Colonel James M. Manni, Superintendent of the Rhode Island State Police and Director of the Department of Public Safety, announces that additional troopers will be assigned to focus on enforcement of the state’s seat belt laws as part of the national Click It or Ticket highway safety campaign from May 13 to June 2.

“We always encourage motorists to buckle up and we are out there enforcing the state’s seat belt and child restraint laws each and every day,” Colonel Manni said. “However, we will be adding extra patrols that will specifically focus on enforcement of these laws during the Click It or Ticket campaign.”

There’s no question that seat belts save lives, Colonel Manni said. Studies show that people who wear seat belts or are properly secured in child safety seats are nearly 50 percent less likely to get killed or seriously injured in a motor vehicle crash. From 1975 through 2017, the National Highway Traffic Safety Administration estimates that seat belts have saved 374,196 lives.

Conversely, NHTSA also reports that nearly half of the 37,133 people killed in motor vehicle crashes in 2017 were not wearing seat belts at the time.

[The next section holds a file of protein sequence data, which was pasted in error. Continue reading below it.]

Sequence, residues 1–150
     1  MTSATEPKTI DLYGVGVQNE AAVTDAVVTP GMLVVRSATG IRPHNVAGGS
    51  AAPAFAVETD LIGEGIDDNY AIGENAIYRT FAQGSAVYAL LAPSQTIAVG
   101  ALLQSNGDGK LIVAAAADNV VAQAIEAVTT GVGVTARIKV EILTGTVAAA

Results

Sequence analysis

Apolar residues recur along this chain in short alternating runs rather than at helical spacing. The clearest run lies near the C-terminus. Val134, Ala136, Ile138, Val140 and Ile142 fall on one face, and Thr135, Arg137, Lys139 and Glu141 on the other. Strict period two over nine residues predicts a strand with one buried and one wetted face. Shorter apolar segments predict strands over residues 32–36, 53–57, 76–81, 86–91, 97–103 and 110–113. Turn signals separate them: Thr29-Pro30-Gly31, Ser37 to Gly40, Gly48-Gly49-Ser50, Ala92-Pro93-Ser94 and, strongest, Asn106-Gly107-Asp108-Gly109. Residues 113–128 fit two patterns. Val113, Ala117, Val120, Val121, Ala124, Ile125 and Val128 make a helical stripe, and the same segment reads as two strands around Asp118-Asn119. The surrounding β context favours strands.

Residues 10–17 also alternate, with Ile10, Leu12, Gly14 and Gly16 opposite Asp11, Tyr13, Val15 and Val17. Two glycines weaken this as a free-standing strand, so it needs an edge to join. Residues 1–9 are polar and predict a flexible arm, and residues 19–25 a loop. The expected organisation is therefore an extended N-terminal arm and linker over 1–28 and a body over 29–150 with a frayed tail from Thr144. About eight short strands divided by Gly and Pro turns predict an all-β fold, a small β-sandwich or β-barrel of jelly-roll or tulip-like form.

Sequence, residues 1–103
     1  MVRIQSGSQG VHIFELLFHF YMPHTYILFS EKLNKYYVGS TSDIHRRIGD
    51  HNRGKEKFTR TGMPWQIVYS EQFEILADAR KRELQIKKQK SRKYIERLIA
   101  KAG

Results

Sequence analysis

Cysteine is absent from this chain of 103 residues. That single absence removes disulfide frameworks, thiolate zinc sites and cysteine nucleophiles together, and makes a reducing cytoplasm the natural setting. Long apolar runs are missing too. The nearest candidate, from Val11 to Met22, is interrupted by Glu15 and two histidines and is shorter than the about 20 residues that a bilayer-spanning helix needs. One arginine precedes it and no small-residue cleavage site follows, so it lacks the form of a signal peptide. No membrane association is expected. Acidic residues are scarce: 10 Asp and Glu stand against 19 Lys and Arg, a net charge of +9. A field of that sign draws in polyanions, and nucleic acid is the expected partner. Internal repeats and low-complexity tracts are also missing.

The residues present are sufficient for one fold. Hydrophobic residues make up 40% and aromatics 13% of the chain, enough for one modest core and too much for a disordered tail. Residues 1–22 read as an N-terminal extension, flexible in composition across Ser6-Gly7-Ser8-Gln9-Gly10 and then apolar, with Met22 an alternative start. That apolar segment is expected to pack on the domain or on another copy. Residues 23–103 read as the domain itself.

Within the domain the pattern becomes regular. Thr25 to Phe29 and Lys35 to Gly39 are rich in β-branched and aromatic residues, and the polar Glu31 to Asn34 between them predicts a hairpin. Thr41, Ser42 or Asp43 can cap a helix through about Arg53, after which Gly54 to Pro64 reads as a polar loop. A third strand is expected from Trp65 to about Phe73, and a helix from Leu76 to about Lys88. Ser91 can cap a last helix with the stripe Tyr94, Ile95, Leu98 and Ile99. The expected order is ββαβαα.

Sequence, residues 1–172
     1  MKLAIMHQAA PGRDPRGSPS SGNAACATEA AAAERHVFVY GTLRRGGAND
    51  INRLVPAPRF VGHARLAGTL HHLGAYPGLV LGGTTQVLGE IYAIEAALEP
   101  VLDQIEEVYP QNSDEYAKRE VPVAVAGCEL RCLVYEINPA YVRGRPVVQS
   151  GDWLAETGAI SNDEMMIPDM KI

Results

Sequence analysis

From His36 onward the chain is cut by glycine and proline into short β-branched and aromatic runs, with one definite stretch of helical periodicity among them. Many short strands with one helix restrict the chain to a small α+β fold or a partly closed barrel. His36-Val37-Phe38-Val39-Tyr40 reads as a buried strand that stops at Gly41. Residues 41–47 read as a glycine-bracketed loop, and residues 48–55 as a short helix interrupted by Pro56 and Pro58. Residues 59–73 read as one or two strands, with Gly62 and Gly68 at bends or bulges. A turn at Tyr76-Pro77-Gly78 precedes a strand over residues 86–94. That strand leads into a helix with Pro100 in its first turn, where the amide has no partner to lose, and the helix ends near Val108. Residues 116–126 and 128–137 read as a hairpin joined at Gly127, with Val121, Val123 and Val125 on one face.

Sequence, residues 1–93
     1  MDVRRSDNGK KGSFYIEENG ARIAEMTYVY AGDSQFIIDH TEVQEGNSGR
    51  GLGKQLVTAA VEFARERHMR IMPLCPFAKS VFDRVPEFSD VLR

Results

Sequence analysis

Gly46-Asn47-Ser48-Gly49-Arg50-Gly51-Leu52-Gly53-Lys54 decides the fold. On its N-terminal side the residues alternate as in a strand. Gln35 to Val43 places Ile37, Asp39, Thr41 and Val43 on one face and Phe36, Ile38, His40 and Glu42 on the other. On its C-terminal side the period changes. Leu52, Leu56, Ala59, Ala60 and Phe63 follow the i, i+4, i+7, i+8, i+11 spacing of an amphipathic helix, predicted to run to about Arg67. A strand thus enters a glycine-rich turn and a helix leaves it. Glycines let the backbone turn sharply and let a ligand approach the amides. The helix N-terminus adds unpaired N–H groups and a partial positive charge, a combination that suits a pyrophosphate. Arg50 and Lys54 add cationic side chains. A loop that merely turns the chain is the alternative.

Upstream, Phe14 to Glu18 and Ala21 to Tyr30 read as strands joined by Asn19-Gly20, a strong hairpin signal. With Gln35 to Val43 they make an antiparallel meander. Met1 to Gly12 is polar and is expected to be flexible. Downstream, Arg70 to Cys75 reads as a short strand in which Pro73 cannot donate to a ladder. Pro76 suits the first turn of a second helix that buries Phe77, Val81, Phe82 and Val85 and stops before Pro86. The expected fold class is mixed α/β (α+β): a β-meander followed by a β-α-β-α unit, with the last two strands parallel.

That’s why NHTSA provides additional funding to state and local police across the country to provide increased enforcement of seat belt and child restraint laws this time of year The Click It or Ticket highway safety campaign runs through the Memorial Day holiday weekend, which marks the start of the summer driving season – traditionally the deadliest time of year on the nation’s roadways.

Rhode Island laws require all drivers and passengers to wear seat belts and for children to be secured in an approved infant or child seat or booster seat until at least age 8, unless the child is at least 57 inches tall and/or weighs at least 80 pounds and can safely use a seat belt instead. The fine for failure to wear a seat belt is $40 and the fine for failure to use a child restraint is $85.

“Wearing a seat belt is not only required by law, but it also is the single best way to protect yourself and your passengers in the event of a crash,” Colonel Manni said. “So remember to buckle up every time you get into your vehicle – and make sure your passengers buckle up, too.”

Seat Belt Dos and Don’ts


• Buckle up – every ride, every time
• Make sure you wear the seat belt properly – away from your neck, across your chest and snugly across your lap
• Restrain children in approved car seats or booster seats until they outgrow the size limits of booster seats, usually between ages 8 and 12


• Drive or ride in any vehicle without wearing a seat belt
• Wear a seat belt under your arm or behind your back
• Allow children under age 12 to sit in the front seat, even with a seat belt or child safety seat, unless there is no back seat in the vehicle (i.e., a pickup truck)